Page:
A peek at Inter-Process Communication in Unix / C — Notions
You might already have heard or read about IPC in C / Unix. I understand if you haven’t entirely grasped how it works exactly. I actually discovered it just a few weeks ago in the context of a school project, and I must admit it takes some time to digest. But now, it’s time for me to sit a second and talk about what I’ve learned and what is important to know about this notion.
But.. What does “IPC” mean?
IPC stands for Inter Process Communication. Basically, the components attached to this notion are designed to allow two or more processes to send, receive or share data with each other. This way, it enables the possibility to execute and link various tasks.
“the possibility to execute and link various tasks.”? I didn’t get the point.
When your operating system launches any process, it allows it to have both its own memory-space and resources (symbols, functions, variables, etc..).
At this point, a process may want to communicate or share some of its own data to another process. This represents the main goal of IPCs.
Cool! But… What are the tools used for this communication?
There is a lot of them! Some are useful in most situations, other only in a few. But all have a real utility.
Here is a non-exhaustive list:
- Half-duplex UNIX pipes
- FIFOs (named pipes)
- Full-duplex pipes (STREAMS pipes)
- Networking sockets (Berkeley style)
- SYSV style message queues
- SYSV style semaphore sets
- SYSV style shared memory segments
Wow, that’s a lot of new terms, can I have any help to understand these concepts?
Well.. I’ll try to stay as concise as possible but I can’t promise anything. Is it OK for you?
Perfect, go ahead!
The first notion is called “Pipe”, simply put, a pipe is a method of linking the standard output of one process to the standard input of another.
OK, so it established a tunnel between two processes! But… Why three different kind of pipe?
- Half-duplex UNIX pipes provide a method of one-way communications (hence the term half-duplex) between processes.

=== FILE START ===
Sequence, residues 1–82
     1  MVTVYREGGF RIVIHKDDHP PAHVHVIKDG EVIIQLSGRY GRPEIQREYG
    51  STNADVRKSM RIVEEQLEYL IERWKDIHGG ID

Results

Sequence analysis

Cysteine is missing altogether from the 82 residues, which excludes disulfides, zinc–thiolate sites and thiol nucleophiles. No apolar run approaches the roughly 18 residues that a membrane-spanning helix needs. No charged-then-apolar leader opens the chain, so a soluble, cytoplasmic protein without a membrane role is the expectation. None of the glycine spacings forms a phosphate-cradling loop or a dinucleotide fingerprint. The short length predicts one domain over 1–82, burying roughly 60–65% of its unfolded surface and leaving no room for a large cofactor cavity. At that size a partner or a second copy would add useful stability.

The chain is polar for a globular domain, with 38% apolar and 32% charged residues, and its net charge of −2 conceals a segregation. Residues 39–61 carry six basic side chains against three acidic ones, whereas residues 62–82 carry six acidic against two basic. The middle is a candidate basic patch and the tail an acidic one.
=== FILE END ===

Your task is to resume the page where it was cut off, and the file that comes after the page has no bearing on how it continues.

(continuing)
- FIFOs (named pipes) have the same properties than the one before, except that they exist physically as device special file and can be inherited by process from different ancestry.
- Full-duplex pipes have exactly the same behavior as the Half-Duplex, except that they allow bidirectional communication between processes.
It seems that there is a pipe for almost every usage! And what about “sockets”?
Although there is four kinds of sockets (stream, datagram, raw and sequenced packet), and almost the same (if not more) number of application domain; they all have the same basis: Allowing communication between two different processes on the same or different machines. To be more precise, it’s a way to talk to other computers using standard input and output. Thereby, it can be linked to a network connection, a text file, a terminal or something else.
“The utility of sockets? Allowing communication between two different processes on the same or different machines!”
Wow, it seems powerful! And what for “SYSV style” IPCs?
As its name suggests, “SYSV style” IPCs has been introduced with the System V from AT&T. It includes three new forms of IPC facilities (message queues, semaphores, and shared memory); each of them being identified by a unique IPC identifier.
~ Message queues
Message queues can be described as an internal linked list within the kernel’s addressing space. Messages can be sent to the queue in order, and retrieved from it in several different ways. Moreover, message queues introduce the concept of channels, allowing the process to receive only a certain part of the messages traffic.
Semaphores can be considered as counters used to control access to shared resources by multiple processes. They are most often used as a locking mechanism to prevent processes from accessing a particular resource while another process is performing operations on it.
~ Shared memory
Shared memory can best be described as the mapping of an area (segment) of memory that will be mapped and shared by more than one process.
Due to the fact that the information is directly mapped from a memory segment, and into the addressing space of the calling process; the shared memory is the fastest form of IPC in term of read & write capacity.
Uh... It was a lot of information on this last point! But as far as I am involved in this concept, I can say that the SYSV IPCs are really impressive by their versatility!
Yes, that’s totally true! Moreover, they’re a good starting point for whoever want to start learning about Unix IPCs.
OK, OK, that’s fine. Now, do you have any link to an example of the application of these concepts?
Yup, absolutely! You can indeed find the second part of this article at this address (click me) where you’ll learn how to turn the SYSV IPCs into tools to build a real game!
You’re welcome, thank you for taking the time to read my first article!
If you’re interested in more lecture about IPCs in Unix / C, I strongly advise you these books, mans, and articles:
And a special mention for this one, which is — in my opinion — one of the best reference about IPCs: http://tldp.org/LDP/lpg/node7.html